By WHITNEY BERMES Chronicle Staff Writer September 28, 2012
Attorneys for a man tased by Bozeman police officers are claiming that an audio segment containing “startling admissions” is missing from evidence turned over in the case.
Todd Shea, attorney for Soheil Jesse Verdi, filed a brief in U.S. District Court in Butte last month asking for the court to find the police department liable for excessive force and award damages to Verdi. “We would very much like to find out where the missing tape is and what is on the missing tape,” Shea said in an interview Thursday.
On Aug. 12, 2007, a friend of Verdi’s called Bozeman police to request a welfare check on Verdi. Sgt. Greg Megargel and officer Marek Ziegler responded. The lawsuit states Verdi was naked, intoxicated and “stumbling around” when he answered the door. Officers claimed Verdi “suddenly attacked” Megargel and Ziegler tased him in the back. Verdi fell face down onto his deck outside of the apartment, hitting his head and causing injuries to his skull.
Verdi’s attorneys claim he has had three brain surgeries to remove excessive blood on his brain and to help remedy his “excruciating” headaches. Verdi filed a lawsuit against Bozeman police, the city of Bozeman, Megargel, Ziegler, and former police chief Mark Tymrak in 2009.
The case accuses the defendants of excessive use of force, assault and battery, intentional infliction of emotional distress, negligence and false imprisonment as well as evidence spoliation and conspiracy. According to the brief filed last month, Bozeman police provided the plaintiffs five segments of recordings from Ziegler’s microphone that were numbered 168, 169, 171, 172 and 173. The brief also claims that when listening to the audio, there is not a continuous recording between the files numbered 169 and 171. Attorneys claim on that tape, after medical personnel close the ambulance door and say goodbye to the officers, Megargel said to Ziegler, “Now we’re (expletive).” “Yeah what am I gonna clear this as,” Ziegler responds, according to the brief. “Public assistance with a tasing?” A sound engineer expert, Jeremiah Slovarp, also concluded there was a missing segment.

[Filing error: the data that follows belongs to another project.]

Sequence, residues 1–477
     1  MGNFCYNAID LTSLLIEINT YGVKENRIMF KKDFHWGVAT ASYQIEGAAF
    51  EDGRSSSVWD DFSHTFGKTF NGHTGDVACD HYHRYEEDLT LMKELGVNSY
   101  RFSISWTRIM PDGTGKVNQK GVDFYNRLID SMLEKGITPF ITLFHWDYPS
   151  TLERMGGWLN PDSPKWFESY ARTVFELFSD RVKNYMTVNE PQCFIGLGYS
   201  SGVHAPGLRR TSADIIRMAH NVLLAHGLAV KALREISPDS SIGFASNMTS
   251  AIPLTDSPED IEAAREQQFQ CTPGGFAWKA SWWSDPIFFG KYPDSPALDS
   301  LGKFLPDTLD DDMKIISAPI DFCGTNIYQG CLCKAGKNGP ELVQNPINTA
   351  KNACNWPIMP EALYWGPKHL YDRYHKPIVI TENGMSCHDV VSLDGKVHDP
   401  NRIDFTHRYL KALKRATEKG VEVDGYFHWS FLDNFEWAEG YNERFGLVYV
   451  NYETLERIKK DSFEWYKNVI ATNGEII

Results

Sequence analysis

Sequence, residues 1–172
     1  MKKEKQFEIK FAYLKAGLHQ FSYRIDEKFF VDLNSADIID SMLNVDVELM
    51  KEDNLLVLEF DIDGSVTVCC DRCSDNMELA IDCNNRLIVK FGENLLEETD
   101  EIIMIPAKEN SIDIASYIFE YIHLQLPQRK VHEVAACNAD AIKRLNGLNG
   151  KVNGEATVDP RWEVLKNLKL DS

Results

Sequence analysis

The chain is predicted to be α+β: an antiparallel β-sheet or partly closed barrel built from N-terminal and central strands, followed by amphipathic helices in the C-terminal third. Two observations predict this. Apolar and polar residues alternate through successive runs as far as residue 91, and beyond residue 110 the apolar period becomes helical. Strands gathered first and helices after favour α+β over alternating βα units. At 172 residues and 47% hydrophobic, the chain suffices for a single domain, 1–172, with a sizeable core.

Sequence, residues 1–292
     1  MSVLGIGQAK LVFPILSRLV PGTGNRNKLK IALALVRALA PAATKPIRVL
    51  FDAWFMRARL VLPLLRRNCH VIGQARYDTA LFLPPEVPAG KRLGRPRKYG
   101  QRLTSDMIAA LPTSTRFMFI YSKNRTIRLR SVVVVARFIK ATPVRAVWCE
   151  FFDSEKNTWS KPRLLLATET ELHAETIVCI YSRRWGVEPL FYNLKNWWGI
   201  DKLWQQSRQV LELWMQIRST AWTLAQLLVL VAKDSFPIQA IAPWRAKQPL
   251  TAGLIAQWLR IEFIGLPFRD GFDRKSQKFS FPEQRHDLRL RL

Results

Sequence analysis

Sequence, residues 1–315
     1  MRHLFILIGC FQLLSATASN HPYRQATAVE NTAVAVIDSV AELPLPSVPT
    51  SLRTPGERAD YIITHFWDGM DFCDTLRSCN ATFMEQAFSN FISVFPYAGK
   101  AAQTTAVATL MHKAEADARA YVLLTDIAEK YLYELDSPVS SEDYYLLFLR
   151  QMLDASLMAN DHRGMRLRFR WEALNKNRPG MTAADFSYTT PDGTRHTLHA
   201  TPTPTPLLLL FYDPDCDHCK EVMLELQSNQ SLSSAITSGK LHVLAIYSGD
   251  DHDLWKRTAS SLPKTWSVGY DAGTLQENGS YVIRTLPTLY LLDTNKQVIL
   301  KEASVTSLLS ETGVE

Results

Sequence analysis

“I am convinced there is a missing recording file,” Slovarp wrote in the brief. “The defendants have provided no explanation as to why there is a missing recording file on the audiotape,” Shea wrote in his brief.
The defendants in the case have yet to file a response in court. They were granted an extension that gives them until Oct. 1. When asked for a comment on Thursday, Michael Lilly, attorney for the Bozeman Police Department and the city of Bozeman, said it was “too premature” to comment.